Who Are The Top 10 German Art Collectors?
See who is making waves.
Germany has one of the liveliest and most eclectic collector communities in the world. As Europe’s largest economy and most populous country, there’s a large number of art patrons with money to spend.
Art Cologne, the world’s oldest and most important art fair, kicks off today with its press preview and vernissage. In honor of the opening, we took a look at the top 10 German art collectors. Those that made the list were chosen for their innovative approach, and the overall size and significance of their respective collections.
1. Frieder Burda
As the son of a renowned German publisher and collector, continuing his family collection came naturally for Frieder Burda. He bought his first artwork in his early 30s—a Lucio Fontana, no less. In 2004 he opened the Frieder Burda Museum in Baden-Baden to house his growing collection of German Expressionism, Abstract Expressionism and German contemporary stars including Sigmar Polke, Georg Baselitz and Gerhard Richter.
2. Nicolas Berggruen
The philanthropist and investor is the son of the renowned collector Heinz Berggruen. Unlike his father, who had a penchant for modern masters, Nicolas prefers contemporary American artists such as Ed Ruscha, Paul McCarthy, Bruce Nauman, and Mike Kelley; as well as German artists including Gerhard Richter, Sigmar Polke, and Martin Kippenberger. Ironically for someone who spends so much on art, he can’t display most of his acquisitions because he doesn’t own a home. Known as the “homeless billionaire,” Berggruen lives in hotels.
3. Christian and Karen Boros
The ad agency scion and publisher Christian Boros is perhaps better known for the extraordinary building housing his collection, rather than its contents. His collection is displayed in a repurposed air-raid bunker in the middle of Berlin. The 80-room private museum includes works by contemporary artists such as Elmgreen & Dragset, Alicja Kwade, Michael Sailstorfer, Klara Liden, and Ai Weiwei. Boros and his wife Karen live in a glass apartment built on the roof of the bunker.
4. Reinhold Würth
Founder of the Würth Group, an international wholesaler of screws, screw fasteners, dowels, chemicals and other construction equipment, Reinhold Würth spent a large part of his fortune on art. His collection includes everything from contemporary art by the likes of Roy Lichtenstein, Georg Baselitz, and Gerhard Richter to Expressionists such as Ernst Ludwig Kirchner, Emil Nolde, and Max Beckmann and German Renaissance paintings by the likes of Hans Holbein—Although the earlier works in his collection are significantly better quality than his more contemporary pieces. His collection was recently the subject of a major museum show at Berlin’s Martin Gropius Bau.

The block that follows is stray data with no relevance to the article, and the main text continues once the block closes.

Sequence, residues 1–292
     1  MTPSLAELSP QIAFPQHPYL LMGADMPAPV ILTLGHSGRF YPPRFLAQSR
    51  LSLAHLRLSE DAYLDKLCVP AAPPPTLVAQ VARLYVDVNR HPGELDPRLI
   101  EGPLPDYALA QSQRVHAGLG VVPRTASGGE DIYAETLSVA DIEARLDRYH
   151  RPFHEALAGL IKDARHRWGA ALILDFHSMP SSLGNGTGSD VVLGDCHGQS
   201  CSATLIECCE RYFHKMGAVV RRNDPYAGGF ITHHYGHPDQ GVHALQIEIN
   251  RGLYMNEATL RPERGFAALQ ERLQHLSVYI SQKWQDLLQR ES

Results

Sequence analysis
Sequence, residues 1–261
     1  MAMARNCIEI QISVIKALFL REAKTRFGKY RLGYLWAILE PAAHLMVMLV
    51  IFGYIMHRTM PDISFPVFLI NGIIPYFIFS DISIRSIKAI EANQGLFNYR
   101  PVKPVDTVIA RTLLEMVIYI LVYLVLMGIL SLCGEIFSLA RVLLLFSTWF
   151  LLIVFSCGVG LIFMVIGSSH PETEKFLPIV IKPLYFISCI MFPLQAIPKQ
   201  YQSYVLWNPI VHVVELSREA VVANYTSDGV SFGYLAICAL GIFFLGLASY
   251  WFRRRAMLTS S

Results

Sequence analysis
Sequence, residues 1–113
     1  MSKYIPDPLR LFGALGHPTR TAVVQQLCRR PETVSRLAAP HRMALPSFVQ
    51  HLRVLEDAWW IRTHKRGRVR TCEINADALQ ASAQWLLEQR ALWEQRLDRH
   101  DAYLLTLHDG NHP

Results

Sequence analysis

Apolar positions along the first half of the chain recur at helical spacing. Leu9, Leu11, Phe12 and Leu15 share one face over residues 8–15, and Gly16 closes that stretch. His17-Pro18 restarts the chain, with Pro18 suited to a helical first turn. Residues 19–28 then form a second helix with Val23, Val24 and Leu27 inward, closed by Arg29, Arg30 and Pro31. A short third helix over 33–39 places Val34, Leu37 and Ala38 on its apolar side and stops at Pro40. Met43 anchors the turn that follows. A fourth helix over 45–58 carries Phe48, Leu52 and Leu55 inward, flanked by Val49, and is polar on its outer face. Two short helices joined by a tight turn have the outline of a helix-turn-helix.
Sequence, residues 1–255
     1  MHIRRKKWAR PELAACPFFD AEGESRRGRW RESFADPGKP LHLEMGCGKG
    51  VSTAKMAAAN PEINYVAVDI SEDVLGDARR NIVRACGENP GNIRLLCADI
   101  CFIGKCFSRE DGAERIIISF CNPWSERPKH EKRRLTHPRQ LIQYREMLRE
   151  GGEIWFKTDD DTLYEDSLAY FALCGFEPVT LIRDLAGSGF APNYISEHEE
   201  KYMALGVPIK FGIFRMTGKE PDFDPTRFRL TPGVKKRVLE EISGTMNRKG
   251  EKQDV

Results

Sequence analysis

5. Desire Feuerle
A former art dealer and collector of international contemporary and Southeast Asian art and imperial Chinese design, Desire Feuerle is among the more eclectic German collectors. His collection spans 7th–13th century Khmer sculptures in stone, bronze, and wood, as well as imperial Chinese furniture dating from the Han to the Qing dynasties (200 BC—18th century) and contemporary works by the likes of Cristina Iglesias, Anish Kapoor, Zeng Fanzhi, and James Lee Byars.
6. Hasso Plattner
Co-founder of the software giant SAP, Hasso Plattner is a major collector of important Impressionist and modern artworks. His holdings include Pierre-Auguste Renoir, Claude Monet, Edvard Munch, and Emil Nolde. The billionaire is currently funding the construction of a replica of Potsdam’s 18th century Barberini Palace, which was destroyed during World War II. Scheduled to open in 2017, the Barberini Museum will house 250 works from Plattner’s collection, which he has already pledged to bequeath to the German state.
7. Harald Falckenberg
The Hamburg-based collector Harald Falckenberg has developed a reputation for acquiring works by important artists ahead of the market. He was one of the first buyers of Martin Kippenberger, Richard Prince, and Jonathan Meese. His patronage of the arts earned him the Art Cologne Prize in 2009, and the Montblanc de la Culture Arts Patronage Award in 2011. Falckenberg’s 2,000-piece collection is shown in a 65,000-square-foot former factory building in Hamburg, in collaboration with Deichtorhallen.
8. Friedrich Christian (Mick) Flick
An heir to the Weimar-era Flick industrial fortune, Mick Flick’s collection of contemporary art includes works by Cindy Sherman, Thomas Struth, Jason Rhodes, Katharina Fritsch and Manfred Pernice. Flick has a strong philanthropic association with Berlin’s Hamburger Bahnhof Museum for Contemporary Art, which he gifted over 200 pieces of contemporary art in 2008 and 2015.
9. Julia Stoschek
Julia Stoschek, a collector of media and video art, is the daughter of Michael Stoschek, a billionaire businessman and chairman of Brose Farzeugteile, a car-parts company founded by her great-grandfather Max Brose. The arts philanthropist displays her collection at the Düsseldorf-based Julia Stoschek Collection, a private museum which includes works by established artist such as Bruce Nauman and up-and-comers like Clemens von Wedemeyer. She recently announced the creation of a second exhibition space, which will open in Berlin’s Mitte district ahead of the 9th Berlin Biennale in June.
10. Ingvild Goetz
Former gallerist Ingvild Goetz started collecting painting, sculpture, and works on paper in 1984. Today, her extraordinarily large collection contains nearly 5,000 works including over 500 video and media works, housed in a private museum designed by Herzog & de Meuron in Munich. Much of the collection is composed of works by emerging contemporary artists, and nearly half of the artworks in her collection are created by women.
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